keywords = "cooperative behavior, evidence-based medicine, female, Great Britain, health services research, humans, male, needs assessment, physician's practice patterns, physician-patient relations, research design, urinary incontinence",
author = "Buckley, {Brian S} and Grant, {Adrian M} and Glazener, {Cathryn M A}",
note = "Copyright {\circledC} 2013 Elsevier Inc. All rights reserved.",
year = "2013",
month = "5",
doi = "10.1016/j.jclinepi.2011.03.016",
language = "English",
volume = "66",
pages = "483--489",
journal = "Journal of Clinical Epidemiology",
issn = "0895-4356",
publisher = "Elsevier USA",
number = "5",

}

TY - JOUR

T1 - Case study

T2 - a patient-clinician collaboration that identified and prioritized evidence gaps and stimulated research development

AU - Buckley, Brian S

AU - Grant, Adrian M

AU - Glazener, Cathryn M A

N1 - Copyright © 2013 Elsevier Inc. All rights reserved.

PY - 2013/5

Y1 - 2013/5

N2 - ObjectiveTo assess the effect of a research prioritization partnership that aimed to influence the research agenda relating to urinary incontinence (UI).Study Design and SettingResearch often neglects important gaps in existing evidence so that decisions must be made about treatments without reliable evidence of their effectiveness. In 2007–2009, a United Kingdom partnership of eight patient and 13 clinician organizations identified and prioritized gaps in the evidence that affect everyday decisions about treatment of UI. The top 10 prioritized research questions were published and reported to research funders in 2009. A year later, new research or funding applications relating to the prioritized topics were identified through reviews of research databases and consultation with funding organizations, elements of the research community, and organizations that participated in the partnership.ResultsSince dissemination of the prioritized topics, five studies are known to have been funded, three in development; five new systematic reviews are under way, one is being updated; five questions are under consideration by a national research commissioning body.ConclusionThe partnership successfully developed and used a methodology for identification and prioritization of research needs through patient–clinician consensus. Prioritization through consensus can be effective in informing the development of clinically useful research.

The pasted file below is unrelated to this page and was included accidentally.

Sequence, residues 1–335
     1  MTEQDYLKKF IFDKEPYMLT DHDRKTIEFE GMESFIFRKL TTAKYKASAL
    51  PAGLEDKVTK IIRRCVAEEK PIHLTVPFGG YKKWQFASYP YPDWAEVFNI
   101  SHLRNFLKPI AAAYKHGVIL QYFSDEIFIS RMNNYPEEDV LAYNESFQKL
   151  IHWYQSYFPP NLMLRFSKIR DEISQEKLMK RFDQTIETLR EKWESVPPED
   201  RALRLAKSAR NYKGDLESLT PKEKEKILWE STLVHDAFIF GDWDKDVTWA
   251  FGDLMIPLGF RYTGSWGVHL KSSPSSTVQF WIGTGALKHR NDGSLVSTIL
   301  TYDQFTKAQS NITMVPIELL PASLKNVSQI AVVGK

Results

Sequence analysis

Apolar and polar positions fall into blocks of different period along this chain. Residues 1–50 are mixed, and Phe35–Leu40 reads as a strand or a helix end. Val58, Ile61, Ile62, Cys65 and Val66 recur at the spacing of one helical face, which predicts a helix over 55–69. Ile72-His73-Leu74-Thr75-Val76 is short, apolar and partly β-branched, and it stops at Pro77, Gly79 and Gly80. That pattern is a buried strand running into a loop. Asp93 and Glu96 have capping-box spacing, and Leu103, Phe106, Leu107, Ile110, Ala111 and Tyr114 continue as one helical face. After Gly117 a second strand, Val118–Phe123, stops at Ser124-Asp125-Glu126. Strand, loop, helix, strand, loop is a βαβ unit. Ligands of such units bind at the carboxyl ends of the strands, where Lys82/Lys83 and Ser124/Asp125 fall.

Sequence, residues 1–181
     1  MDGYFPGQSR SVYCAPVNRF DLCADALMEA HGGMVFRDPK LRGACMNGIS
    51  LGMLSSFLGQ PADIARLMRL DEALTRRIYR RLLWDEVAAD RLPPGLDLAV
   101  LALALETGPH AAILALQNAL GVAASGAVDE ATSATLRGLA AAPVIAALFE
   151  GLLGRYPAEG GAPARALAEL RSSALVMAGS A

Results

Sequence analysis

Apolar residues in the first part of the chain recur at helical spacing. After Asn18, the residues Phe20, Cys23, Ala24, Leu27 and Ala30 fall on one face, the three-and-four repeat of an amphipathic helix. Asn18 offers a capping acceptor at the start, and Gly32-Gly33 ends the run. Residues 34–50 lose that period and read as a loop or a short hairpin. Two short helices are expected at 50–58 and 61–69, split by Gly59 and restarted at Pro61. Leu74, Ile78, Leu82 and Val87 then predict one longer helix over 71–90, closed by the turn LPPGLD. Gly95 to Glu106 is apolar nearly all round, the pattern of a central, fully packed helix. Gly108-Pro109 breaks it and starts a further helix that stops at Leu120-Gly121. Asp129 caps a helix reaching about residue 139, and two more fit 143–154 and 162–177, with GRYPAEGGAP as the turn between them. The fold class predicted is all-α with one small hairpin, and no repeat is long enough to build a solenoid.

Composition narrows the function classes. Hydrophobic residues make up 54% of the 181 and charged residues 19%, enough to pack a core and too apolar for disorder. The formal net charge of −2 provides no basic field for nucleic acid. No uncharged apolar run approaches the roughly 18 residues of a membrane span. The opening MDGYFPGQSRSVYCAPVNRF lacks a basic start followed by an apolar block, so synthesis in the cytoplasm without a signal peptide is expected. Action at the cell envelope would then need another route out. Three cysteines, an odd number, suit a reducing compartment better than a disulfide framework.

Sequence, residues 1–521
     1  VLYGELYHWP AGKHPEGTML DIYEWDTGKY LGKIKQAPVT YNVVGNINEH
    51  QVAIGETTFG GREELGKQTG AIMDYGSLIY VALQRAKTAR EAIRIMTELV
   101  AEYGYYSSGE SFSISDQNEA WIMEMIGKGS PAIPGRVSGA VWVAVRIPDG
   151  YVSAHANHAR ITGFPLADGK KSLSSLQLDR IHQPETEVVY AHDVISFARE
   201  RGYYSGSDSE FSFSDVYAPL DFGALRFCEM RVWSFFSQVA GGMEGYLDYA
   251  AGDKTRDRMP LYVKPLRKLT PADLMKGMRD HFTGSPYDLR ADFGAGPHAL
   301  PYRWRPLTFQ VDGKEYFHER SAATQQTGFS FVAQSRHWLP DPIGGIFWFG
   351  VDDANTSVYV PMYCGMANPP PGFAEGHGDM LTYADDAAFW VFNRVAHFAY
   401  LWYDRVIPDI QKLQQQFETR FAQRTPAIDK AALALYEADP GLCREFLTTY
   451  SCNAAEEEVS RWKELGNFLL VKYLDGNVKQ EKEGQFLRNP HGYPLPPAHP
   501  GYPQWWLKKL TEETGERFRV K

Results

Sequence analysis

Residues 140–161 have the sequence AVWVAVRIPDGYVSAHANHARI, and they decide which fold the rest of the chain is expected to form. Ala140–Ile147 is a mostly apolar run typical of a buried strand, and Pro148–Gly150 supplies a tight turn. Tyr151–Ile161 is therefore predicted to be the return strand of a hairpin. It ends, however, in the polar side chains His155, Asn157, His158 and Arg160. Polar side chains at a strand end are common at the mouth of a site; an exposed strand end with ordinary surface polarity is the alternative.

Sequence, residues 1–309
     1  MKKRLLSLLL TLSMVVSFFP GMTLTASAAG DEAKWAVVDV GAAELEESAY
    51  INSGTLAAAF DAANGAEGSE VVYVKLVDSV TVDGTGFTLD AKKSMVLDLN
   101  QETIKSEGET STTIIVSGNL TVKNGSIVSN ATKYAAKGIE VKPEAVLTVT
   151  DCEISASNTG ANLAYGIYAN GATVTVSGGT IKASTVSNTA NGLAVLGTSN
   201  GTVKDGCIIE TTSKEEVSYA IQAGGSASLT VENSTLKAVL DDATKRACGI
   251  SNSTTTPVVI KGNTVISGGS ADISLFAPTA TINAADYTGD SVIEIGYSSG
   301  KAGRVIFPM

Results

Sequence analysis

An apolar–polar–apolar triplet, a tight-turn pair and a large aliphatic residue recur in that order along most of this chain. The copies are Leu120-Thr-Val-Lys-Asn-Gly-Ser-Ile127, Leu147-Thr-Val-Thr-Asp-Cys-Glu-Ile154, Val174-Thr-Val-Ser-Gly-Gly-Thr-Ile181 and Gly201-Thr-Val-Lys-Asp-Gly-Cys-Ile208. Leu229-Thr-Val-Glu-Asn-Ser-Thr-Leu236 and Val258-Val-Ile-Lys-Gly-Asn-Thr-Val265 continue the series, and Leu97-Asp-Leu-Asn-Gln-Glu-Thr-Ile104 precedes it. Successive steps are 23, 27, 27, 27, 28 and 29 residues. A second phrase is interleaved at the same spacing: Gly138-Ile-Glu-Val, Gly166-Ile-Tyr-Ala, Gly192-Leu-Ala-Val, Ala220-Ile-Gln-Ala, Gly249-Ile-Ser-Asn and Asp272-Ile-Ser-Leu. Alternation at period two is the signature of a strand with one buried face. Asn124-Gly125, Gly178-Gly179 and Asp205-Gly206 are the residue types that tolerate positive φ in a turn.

AB - ObjectiveTo assess the effect of a research prioritization partnership that aimed to influence the research agenda relating to urinary incontinence (UI).Study Design and SettingResearch often neglects important gaps in existing evidence so that decisions must be made about treatments without reliable evidence of their effectiveness. In 2007–2009, a United Kingdom partnership of eight patient and 13 clinician organizations identified and prioritized gaps in the evidence that affect everyday decisions about treatment of UI. The top 10 prioritized research questions were published and reported to research funders in 2009. A year later, new research or funding applications relating to the prioritized topics were identified through reviews of research databases and consultation with funding organizations, elements of the research community, and organizations that participated in the partnership.ResultsSince dissemination of the prioritized topics, five studies are known to have been funded, three in development; five new systematic reviews are under way, one is being updated; five questions are under consideration by a national research commissioning body.ConclusionThe partnership successfully developed and used a methodology for identification and prioritization of research needs through patient–clinician consensus. Prioritization through consensus can be effective in informing the development of clinically useful research.

KW - cooperative behavior

KW - evidence-based medicine

KW - female

KW - Great Britain

KW - health services research

KW - humans

KW - male

KW - needs assessment

KW - physician's practice patterns

KW - physician-patient relations

KW - research design

KW - urinary incontinence

U2 - 10.1016/j.jclinepi.2011.03.016

DO - 10.1016/j.jclinepi.2011.03.016

M3 - Article

VL - 66

SP - 483

EP - 489

JO - Journal of Clinical Epidemiology

JF - Journal of Clinical Epidemiology

SN - 0895-4356

IS - 5

ER -